Getting The Right Advice After Things Go Wrong

Salloway Associate Graham Bancroft talks about the opportunities and pitfalls of dealing with receivership property disposals.

IT is always unfortunate when a company is declared insolvent and administrators are brought in to manage its affairs and assets.

A failed company's largest asset is likely to be any property that it owned.

That means administrators or receivers need to ensure that they have access to the right property advice at an early stage to assess property values as well as, perhaps, limiting the holding costs.

Holding costs could include empty property rates or securing and protecting the building.

When acting for administrators, the process for disposal should be no different from any other agency instruction that is undertaken.

That said, the public perception attached to properties owned by firms that have slipped into administration makes life more challenging for agents.

As if it were the building's fault that the company failed.

The reality is that, if an owner or the official receiver does not get good advice, then a property can stay stagnant on the market, not sell and have a more real and damaging stigma attached to it.

We experienced this kind of incident on a property we recently dealt with for a receiver on Manners Industrial Estate, in Ilkeston.

The property had been marketed at an artificially high figure and had stuck on the market with no interest for two years prior to our involvement.

When we were asked to come on board we identified that the property was overpriced and marketed it at a correct level.

We were then able to sell the property within about six weeks.

We have great knowledge, experience and success in dealing with these types of properties.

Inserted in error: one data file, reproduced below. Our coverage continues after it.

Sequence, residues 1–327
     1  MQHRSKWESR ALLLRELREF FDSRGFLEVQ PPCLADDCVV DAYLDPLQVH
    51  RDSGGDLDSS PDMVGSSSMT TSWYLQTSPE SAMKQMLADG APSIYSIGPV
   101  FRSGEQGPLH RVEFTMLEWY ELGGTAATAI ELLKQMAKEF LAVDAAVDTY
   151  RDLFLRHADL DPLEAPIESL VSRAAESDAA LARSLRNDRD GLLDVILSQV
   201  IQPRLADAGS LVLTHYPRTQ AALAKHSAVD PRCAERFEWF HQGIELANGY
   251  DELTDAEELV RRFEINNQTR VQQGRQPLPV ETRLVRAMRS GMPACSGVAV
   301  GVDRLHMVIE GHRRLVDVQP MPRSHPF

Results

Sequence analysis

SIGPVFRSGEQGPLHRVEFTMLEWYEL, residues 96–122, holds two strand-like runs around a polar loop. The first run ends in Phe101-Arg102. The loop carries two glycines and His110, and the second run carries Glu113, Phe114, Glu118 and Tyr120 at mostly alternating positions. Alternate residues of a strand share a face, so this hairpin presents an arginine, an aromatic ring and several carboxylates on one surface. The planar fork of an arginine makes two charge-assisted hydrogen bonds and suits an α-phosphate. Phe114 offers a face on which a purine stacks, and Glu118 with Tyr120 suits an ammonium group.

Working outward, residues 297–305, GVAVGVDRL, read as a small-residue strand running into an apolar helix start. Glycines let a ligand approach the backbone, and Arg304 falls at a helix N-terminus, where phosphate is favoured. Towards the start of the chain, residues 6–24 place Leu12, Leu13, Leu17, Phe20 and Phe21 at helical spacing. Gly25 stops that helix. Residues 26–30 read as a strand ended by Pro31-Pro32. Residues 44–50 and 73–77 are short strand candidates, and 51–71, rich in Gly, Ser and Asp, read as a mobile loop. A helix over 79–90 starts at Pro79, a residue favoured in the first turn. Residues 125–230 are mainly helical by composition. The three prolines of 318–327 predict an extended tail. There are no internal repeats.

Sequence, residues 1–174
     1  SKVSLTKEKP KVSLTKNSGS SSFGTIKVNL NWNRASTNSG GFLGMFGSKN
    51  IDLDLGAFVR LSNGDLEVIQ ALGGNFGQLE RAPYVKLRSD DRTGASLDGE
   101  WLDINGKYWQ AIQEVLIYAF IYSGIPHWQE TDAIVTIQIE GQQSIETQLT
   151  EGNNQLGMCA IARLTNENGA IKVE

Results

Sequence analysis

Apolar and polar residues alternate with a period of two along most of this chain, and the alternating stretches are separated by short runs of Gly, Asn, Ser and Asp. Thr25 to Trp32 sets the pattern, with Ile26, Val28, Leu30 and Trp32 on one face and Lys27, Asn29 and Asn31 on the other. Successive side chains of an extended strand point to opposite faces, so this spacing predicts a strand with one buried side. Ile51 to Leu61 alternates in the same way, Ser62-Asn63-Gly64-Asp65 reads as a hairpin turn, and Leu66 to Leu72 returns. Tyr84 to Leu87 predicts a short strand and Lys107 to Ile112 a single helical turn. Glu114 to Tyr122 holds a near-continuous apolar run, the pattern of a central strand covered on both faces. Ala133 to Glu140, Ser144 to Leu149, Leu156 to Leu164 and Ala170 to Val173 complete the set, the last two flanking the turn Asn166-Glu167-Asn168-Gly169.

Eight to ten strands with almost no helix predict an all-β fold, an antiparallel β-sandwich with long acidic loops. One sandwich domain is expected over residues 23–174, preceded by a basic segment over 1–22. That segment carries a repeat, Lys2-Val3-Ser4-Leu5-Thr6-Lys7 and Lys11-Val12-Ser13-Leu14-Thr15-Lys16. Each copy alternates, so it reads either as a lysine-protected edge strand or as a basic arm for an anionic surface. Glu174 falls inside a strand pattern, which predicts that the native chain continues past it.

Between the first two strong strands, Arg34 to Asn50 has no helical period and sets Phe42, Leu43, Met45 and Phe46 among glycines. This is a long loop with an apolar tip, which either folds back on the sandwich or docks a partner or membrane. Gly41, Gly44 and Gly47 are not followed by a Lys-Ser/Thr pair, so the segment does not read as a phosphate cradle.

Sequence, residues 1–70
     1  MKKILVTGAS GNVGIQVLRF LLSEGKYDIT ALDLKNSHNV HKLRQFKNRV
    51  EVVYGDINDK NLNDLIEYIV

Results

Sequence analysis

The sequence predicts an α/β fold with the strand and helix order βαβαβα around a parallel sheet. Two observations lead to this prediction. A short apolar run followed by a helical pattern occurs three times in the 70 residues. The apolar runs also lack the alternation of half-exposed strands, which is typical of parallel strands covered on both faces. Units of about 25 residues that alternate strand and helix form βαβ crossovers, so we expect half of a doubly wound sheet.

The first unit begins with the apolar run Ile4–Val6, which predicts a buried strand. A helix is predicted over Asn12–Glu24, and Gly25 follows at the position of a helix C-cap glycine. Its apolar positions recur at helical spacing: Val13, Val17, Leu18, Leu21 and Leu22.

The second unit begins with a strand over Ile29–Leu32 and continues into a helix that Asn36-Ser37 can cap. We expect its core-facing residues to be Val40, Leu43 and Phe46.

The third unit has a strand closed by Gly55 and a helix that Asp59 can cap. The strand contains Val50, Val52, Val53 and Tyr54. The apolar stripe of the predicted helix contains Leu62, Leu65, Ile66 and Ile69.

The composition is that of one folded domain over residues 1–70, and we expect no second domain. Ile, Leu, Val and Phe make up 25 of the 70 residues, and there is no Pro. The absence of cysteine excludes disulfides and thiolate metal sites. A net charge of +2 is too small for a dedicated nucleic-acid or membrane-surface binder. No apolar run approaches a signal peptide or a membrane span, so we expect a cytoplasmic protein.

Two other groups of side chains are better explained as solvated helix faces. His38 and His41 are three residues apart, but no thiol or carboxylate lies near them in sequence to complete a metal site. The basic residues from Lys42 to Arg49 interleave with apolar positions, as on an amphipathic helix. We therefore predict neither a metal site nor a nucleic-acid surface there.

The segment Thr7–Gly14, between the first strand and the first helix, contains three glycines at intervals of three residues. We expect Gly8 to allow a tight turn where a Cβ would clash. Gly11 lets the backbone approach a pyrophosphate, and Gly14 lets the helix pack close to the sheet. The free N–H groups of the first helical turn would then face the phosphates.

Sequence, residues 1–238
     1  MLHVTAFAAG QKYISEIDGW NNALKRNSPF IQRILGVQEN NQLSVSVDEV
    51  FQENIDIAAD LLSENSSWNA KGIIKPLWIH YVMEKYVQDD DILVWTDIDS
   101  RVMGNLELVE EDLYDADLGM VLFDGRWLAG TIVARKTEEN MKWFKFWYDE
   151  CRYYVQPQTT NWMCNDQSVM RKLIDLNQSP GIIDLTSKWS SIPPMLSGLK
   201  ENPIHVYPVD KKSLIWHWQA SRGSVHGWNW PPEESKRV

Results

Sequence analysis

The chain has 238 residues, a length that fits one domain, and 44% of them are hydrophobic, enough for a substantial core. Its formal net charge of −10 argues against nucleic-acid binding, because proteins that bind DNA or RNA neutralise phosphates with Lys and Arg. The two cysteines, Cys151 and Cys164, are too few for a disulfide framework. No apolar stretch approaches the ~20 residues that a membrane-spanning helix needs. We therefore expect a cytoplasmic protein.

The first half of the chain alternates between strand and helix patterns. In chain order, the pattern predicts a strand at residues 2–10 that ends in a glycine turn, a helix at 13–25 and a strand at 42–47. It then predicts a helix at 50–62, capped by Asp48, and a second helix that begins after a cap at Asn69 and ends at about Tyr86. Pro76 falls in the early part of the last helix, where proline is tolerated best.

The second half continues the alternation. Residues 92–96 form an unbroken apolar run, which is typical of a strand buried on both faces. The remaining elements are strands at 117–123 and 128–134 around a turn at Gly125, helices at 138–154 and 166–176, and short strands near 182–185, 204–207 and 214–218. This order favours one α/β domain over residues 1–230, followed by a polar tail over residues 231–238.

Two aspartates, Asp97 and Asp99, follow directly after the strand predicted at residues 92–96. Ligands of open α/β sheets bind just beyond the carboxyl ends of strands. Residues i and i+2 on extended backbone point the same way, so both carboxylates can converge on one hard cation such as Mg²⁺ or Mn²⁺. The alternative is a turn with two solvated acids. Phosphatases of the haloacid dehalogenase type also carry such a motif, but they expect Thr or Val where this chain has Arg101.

Salloway is currently instructed on the disposal of a 10,000sq ft industrial unit in Loscoe, a 6,000sq ft industrial unit in Mansfield Woodhouse and, more recently, marketing has started on a high-profile 55,000sq ft industrial unit in Chesterfield.

Even in a market where funding can be tricky, we have dealt with a number of seven-figure disposals on behalf of Law of Property Act receivers.

Naturally, although there can be a stigma attached to properties being handled by administrators, there are a significant number of investors and purchasers who are lured out of the woodwork by this type of sale.

This is because there is also a perception that there is a chance that they may be able to pick up a quality property at bargain-basement prices.

I believe that intelligent investors looking for good quality, long-term commercial properties can still find bargains and, key to this, is being fully aware of the market, having funding arranged and being able to move quickly.

Once again, good quality advice is what is needed and investors who have taken this have been able to reap the rewards.

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